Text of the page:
County to vote on new state Senator in Tuesday SD-48 special election

3 min read574 views and 181 shares Posted January 13, 2020

Michael L. Anderson doesn’t expect a lot of people to come to the polls on Tuesday.

“We don’t expect the turnout to be very high, unfortunately,” Anderson, chief clerk and director of the Lebanon County Bureau of Elections and Voter Registration, said Jan. 9. “Until the last week, it seems a lot of people didn’t realize this special election was even coming.”

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The good news, he said with a laugh, is “we don’t expect any waiting in line.”

The polls will be open from 7 a.m. to 8 p.m. Tuesday for a special election to fill the District 48 seat in the state Senate. The seat was vacated in September when former Sen. Mike Folmer resigned after being charged with possessing child pornography

Two men are vying for his seat: Democrat Michael Schroeder, a Lebanon Valley College history professor, and Republican David Arnold, Lebanon County’s district attorney. The winner of the special election will serve the balance of Folmer’s term, which runs through November 2022.

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Read More: Looking at the endorsements in next week’s SD-48 special election

Read More: Arnold & Schroeder address voters at WLBR candidates event

District 48 covers all of Lebanon County as well as a portion of York and Dauphin counties.

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Voters who go to the polls on Tuesday shouldn’t expect anything unusual, Anderson said. It’s voting as usual, he said.

“It’s the same voting system that we used in November,” he said. “All 60 precincts here in Lebanon County will be open and operating. Same ballot for every election precinct. It’s one contest, so just a one-page paper ballot. It’s pretty simple.”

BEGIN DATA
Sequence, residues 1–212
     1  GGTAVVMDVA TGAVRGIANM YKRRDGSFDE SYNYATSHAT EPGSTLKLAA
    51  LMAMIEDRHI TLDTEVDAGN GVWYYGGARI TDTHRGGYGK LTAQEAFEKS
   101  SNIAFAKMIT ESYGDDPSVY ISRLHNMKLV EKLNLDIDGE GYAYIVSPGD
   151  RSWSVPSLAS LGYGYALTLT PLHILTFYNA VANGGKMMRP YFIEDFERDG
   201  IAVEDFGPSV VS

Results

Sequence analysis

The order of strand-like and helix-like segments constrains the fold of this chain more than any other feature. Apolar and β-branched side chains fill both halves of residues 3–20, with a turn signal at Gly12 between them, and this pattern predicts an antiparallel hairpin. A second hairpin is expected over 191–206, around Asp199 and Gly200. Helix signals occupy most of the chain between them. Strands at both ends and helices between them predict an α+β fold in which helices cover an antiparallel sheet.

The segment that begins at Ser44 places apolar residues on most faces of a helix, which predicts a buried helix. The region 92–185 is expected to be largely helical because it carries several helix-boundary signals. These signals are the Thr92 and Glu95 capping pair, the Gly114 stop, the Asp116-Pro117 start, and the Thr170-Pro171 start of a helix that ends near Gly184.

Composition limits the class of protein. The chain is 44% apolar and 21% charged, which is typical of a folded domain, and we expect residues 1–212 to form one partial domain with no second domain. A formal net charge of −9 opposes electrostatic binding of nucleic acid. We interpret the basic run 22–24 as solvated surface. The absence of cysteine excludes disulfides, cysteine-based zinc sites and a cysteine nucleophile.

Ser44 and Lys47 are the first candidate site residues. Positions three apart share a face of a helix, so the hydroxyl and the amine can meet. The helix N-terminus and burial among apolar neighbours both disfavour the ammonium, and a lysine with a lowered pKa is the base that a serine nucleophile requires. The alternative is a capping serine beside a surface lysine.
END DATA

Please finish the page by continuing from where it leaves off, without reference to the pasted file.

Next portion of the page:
Results from Lebanon County polls will be posted on the county website as they become available, Anderson said. The speed with which they are tabulated depends partly on the weather, he said.

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“It all depends on the weather, honestly,” Anderson said. “It’s the middle of January. We don’t have elections in January for a reason. … But it looks like the weather is going to be OK. It might rain, which is way better than snow.

“I don’t anticipate it being late.”

All three counties are responsible for certifying their results, he noted. Results posted Tuesday night are unofficial, he stressed; the official tally won’t be certified by the state until Jan. 27 or 28 – assuming there’s no appeal or a recount request.

There were relatively few requests for absentee ballots, Anderson noted. However, he said, military personnel have until Jan. 21 to submit their votes.

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“I’m not a big fan of special elections, honestly,” Anderson said. “It’s a lot of money for one office, but that’s where we are.”

Gerald D. Feaser Jr., director of the Dauphin County Bureau of Elections and Voter Registration, declined to guess what kind of turnout will hit the polls on Tuesday.

“I don’t get into the political prognostication business,” he said. “We prepare for 100 percent turnout no matter what election it is.”

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In Dauphin County, that means staffing 33 election districts in nine municipalities, he said – “at great expense to the taxpayers, of course.”

Steve Ulrich, Anderson’s and Feaser’s counterpart in York County, couldn’t immediately be reached for comment. According to a member of his staff, Friday was Ulrich’s first day on the job, replacing Nikki Suchanic, who announced her resignation three days after an election in November that was plagued with problems.

Results from the Dauphin and York precincts will also be posted as they become available on their respective county websites (dauphincounty.org and yorkcountypa.gov).

Besides the 60 precincts comprising Lebanon County, polls will be open Tuesday in Conewago, Londonderry, Swatara and Lower Swatara townships and Highspire, Middletown, Paxtang, Royalton and Steelton boroughs in Dauphin County, and Conewago, East Manchester, Newberry and Springettsbury townships and Goldsboro, Lewisberry, Manchester, Mount Wolf and York Haven boroughs in York County.

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Read More About the Special Election

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